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Ghana’s Cedi Appreciates As $1 Now Goes For ¢10.70

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The Ghana cedi has in less than five hours today, December 14, 2022, gained 5.6% value against the US dollar, resulting in a cumulative gain of approximately 33.6% in the month of December alone.

$1 is now trading at an average rate of ¢10.70 with a market range spanning GH¢10.70 to GH¢11.28.

This put the cedi as the strongest performing currency against the American ‘greenback’ in December 2022.

The cedi slumped by more than 54% against the dollar before December 2022.

However, it has strengthened by more than 33% since the beginning of December 2022 after Finance Minister, Ken Ofori-Atta, launched government’s domestic debt exchange programme, followed by the latest announcement of the International Monetary Fund’s staff-level agreement of a bailout package worth $3 billion.

The US Federal Reserve has also eased its monetary policy tightening as inflationary pressures reduce with a fear of recession in 2023.

 

 

 

Ghana seals $3bn IMF programme

After more than four months of negotiations, Ghana finally sealed a $3 billion programme with the Bretton Wood institution, pending the approval of its Executive Board.

According to Stéphane Roudet, Mission Chief for Ghana, his team “reached staff-level agreement with the Ghanaian authorities on a three-year program supported by an arrangement under the Extended Credit Facility (ECF) in the amount of SDR 2.242 billion or about $3 billion”.

“The economic programme aims to restore macroeconomic stability and debt sustainability while laying the foundation for stronger and more inclusive growth. The staff-level agreement is subject to IMF Management and Executive Board approval and receipt of the necessary financing assurances by Ghana’s partners and creditors.” He stressed.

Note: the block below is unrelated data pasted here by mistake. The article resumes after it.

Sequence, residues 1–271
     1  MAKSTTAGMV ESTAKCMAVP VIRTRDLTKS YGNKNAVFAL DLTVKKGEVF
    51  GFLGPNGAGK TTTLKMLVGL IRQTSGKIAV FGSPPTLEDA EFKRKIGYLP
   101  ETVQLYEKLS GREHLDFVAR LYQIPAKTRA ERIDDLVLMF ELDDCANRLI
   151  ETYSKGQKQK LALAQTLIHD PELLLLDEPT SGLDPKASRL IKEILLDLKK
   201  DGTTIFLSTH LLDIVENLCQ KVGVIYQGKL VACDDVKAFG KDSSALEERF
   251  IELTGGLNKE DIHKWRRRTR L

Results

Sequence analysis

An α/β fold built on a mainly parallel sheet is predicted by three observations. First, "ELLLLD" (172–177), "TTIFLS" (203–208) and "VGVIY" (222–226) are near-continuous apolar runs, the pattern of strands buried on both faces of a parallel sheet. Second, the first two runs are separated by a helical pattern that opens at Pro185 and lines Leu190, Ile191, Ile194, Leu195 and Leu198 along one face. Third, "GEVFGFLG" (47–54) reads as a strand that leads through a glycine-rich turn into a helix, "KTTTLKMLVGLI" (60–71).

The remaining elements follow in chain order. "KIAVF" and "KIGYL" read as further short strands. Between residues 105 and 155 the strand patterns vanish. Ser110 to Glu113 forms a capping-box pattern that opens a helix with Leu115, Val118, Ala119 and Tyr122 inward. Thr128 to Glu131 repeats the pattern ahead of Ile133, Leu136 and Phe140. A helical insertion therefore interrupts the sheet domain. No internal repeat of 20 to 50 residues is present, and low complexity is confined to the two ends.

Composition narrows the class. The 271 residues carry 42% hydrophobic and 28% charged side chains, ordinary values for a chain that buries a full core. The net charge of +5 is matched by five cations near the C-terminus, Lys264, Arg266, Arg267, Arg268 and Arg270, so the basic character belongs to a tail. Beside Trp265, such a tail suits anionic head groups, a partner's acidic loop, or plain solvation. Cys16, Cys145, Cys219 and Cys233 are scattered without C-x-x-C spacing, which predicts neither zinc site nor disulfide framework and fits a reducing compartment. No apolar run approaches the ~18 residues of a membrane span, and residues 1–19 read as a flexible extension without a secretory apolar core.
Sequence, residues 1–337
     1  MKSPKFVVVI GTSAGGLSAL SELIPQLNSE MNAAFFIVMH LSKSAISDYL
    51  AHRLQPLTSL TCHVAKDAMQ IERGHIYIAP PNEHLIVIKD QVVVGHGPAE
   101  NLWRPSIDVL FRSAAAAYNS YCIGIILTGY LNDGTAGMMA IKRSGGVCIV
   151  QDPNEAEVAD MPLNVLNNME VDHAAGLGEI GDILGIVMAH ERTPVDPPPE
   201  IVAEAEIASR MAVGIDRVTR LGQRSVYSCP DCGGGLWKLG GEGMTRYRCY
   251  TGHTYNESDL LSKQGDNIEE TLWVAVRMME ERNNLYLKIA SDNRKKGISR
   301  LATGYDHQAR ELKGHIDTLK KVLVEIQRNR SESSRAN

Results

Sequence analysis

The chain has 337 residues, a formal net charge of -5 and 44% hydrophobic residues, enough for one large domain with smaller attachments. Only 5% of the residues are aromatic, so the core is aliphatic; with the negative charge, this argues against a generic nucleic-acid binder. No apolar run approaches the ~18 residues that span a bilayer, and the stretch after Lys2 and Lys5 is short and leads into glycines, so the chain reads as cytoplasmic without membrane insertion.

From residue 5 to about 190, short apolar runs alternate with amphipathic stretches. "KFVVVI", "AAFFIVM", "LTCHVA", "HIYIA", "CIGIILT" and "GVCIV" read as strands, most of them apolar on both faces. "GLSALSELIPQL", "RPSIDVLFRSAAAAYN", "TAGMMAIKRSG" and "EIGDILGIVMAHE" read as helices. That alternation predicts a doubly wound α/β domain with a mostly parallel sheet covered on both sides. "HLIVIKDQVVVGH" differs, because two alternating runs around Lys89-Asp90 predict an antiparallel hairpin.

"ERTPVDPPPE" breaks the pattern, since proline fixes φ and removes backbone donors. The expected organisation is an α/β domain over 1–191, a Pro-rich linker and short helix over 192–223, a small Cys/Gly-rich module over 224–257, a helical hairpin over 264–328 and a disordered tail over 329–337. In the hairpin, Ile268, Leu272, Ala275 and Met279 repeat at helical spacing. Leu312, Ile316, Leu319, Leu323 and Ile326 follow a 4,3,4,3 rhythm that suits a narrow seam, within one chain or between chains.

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What is an Extended Credit Facility (EFC)?

The Extended Credit Facility (ECF) provides financial assistance to countries with protracted balance of payments problems. The ECF was created under the Poverty Reduction and Growth Trust (PRGT) as part of a broader reform to make the Fund’s financial support more flexible and better tailored to the diverse needs of low-income countries (LICs), including in times of crisis. The ECF is the Fund’s main tool for providing medium-term support to LICs.

Purpose. The ECF supports countries’ economic programs aimed at moving toward a stable and sustainable macroeconomic position consistent with strong and durable poverty reduction and growth. The ECF may also help catalyze additional foreign aid.

Eligibility. The ECF is available to all PRGT-eligible member countries that face a protracted balance of payments problem, i.e. when the resolution of the underlying macroeconomic imbalances would be expected to extend over the medium or longer term.

Duration and repeated use. Assistance under an ECF arrangement is provided for an initial duration of three to up to five years, with an overall maximum duration of five years. Following the expiration, cancellation, or termination of an ECF arrangement, additional ECF arrangements may be approved.